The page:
Teachers are sharing stories with me that are breaking my heart. They have lost their unions, their pensions, their classrooms, their autonomy, and for most, their dignity, as politicians, corporations, parents, and people like Campbell Brown come after them day after day after day. People are asking me to share their stories, and I can’t do that in good conscience when I’m afraid to share mine. The repercussions are far too great. I’m still researching cases in which judges are ruling against teachers’ First Amendment rights. Facebook statuses are getting teachers fired, even when they aren’t breaking any confidentiality, laws, or contract obligations. Yes, teachers always have been held to a higher moral code, and some teachers push the envelope with their language and overabundance of personal information and other things that in all honesty should be actionable. This is not why unions exist, and this is not why tenure exists, and teachers need to be smart about what they share.

But, teachers are people, too. They should have equal protection under the First Amendment when they want to add their voice to “education reform.” They should have a voice when governors slash education budgets by millions of dollars year after year after year (don’t forget, I live in PA, with arguably one of the worst governors in relation to education in the entire country). They should have a voice when administrators bow to parents because they are afraid of losing kids to charter schools and cyber schools that are draining desperately-needed resources from the majority of kids in public schools. And, they should have a voice when they decide to leave their profession for a year because they know they need a break.

I WILL be publishing those initial blog posts in the next couple of days, with a few tweaks. I am a person, too. And I have First Amendment rights, just like everyone else. We will see whether I actually do or not. In the meantime, I’m going to try to do some more research about it, so if anyone else has links to those recent cases, from anywhere in the U.S., please send them my way.

In Response to the Open Letter to Campbell Brown Response

As of 11PM, August 2, 2014, 11,100+ visitors have viewed my Open Letter to Campbell Brown 12,300+ times, and it has been shared on Facebook more than 4,000 times. I am overwhelmed by the amount of support and encouragement I have received today. As a teacher, I never thought of myself as a teacher advocate because my circle of teacher friends always does all we can to support one another every day, even if that means offering a shoulder to cry on or an ear to listen when the classroom, standards, and criticism become too much.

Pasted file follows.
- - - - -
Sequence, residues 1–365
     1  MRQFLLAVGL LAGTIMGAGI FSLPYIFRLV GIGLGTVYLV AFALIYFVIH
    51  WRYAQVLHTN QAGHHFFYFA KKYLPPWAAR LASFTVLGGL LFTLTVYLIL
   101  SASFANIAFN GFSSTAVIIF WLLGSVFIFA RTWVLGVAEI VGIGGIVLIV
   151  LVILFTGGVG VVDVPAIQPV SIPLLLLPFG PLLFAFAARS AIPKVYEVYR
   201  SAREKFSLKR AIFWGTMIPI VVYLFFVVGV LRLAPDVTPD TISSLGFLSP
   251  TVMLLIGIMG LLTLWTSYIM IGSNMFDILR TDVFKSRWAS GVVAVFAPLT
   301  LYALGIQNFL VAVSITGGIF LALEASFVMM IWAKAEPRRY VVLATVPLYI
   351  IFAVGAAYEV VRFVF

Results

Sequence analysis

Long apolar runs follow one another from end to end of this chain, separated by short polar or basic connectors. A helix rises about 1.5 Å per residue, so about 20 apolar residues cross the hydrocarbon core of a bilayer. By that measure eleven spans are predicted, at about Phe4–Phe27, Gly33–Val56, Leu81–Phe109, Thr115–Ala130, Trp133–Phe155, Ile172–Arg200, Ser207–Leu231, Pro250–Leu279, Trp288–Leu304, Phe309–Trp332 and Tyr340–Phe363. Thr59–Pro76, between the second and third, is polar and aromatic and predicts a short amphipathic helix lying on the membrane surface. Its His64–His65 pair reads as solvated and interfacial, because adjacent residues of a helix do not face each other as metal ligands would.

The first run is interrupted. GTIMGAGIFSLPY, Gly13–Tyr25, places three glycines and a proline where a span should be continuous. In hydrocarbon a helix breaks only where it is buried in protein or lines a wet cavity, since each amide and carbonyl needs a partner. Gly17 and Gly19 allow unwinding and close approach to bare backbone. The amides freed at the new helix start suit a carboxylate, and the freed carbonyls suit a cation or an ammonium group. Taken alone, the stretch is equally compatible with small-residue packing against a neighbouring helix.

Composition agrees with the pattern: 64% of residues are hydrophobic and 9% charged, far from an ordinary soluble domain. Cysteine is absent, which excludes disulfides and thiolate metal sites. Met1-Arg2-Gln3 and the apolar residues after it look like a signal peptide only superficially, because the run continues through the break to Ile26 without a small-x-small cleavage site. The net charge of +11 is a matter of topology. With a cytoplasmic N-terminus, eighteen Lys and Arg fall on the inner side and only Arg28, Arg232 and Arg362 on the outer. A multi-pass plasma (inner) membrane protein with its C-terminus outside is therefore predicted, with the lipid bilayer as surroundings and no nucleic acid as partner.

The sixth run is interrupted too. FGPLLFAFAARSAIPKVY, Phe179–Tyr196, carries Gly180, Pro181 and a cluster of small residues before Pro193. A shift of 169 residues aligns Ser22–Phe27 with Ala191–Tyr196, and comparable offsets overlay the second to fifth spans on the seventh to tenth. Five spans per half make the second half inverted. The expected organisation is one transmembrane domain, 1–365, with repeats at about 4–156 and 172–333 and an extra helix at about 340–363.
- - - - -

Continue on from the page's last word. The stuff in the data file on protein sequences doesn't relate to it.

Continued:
Today, I am being labeled one, and I hope to live up to that moniker in the days and weeks and months to come. I have been receiving links and studies and information that I will have to ponder in the next few days. I have been thanked and cheered and, yes, even criticized. A few friends and my husband were worried about how I’m handling the criticism. One of the best things teaching has given me is thick skin, so I’m just fine. I understand Campbell Brown is blocking people on Facebook and attempting to control the discussion; her apparent lack of thick skin simply proves that she doesn’t belong in this discussion of education. I also understand that people have been taking to Twitter in droves about the letter and the interview. I’m going to be honest. I’ve handled the discussion through the comments on my blog and a bit on Twitter because the letter pretty much covers everything I have to say about her appearance with Stephen Colbert.

When I wrote the letter, I was venting my frustration at Campbell Brown and attempting to bring a voice of the teachers to the discussion – a counterpoint to her interview, if you will. Of course, she is just one in a cast of thousands attacking teachers and unions and tenure and, let’s face it, public education, in this country. Today has been bittersweet because I’m being thanked by so many people who are too afraid for their positions to be able to speak up themselves; this issue of educational reform has spun so far out of control that teachers are afraid to exercise their First Amendment right. (FYI – Several people have forwarded me recent cases in which judges are siding against teachers who exercise their First Amendment rights, and that’s another issue I’m going to start researching soon.)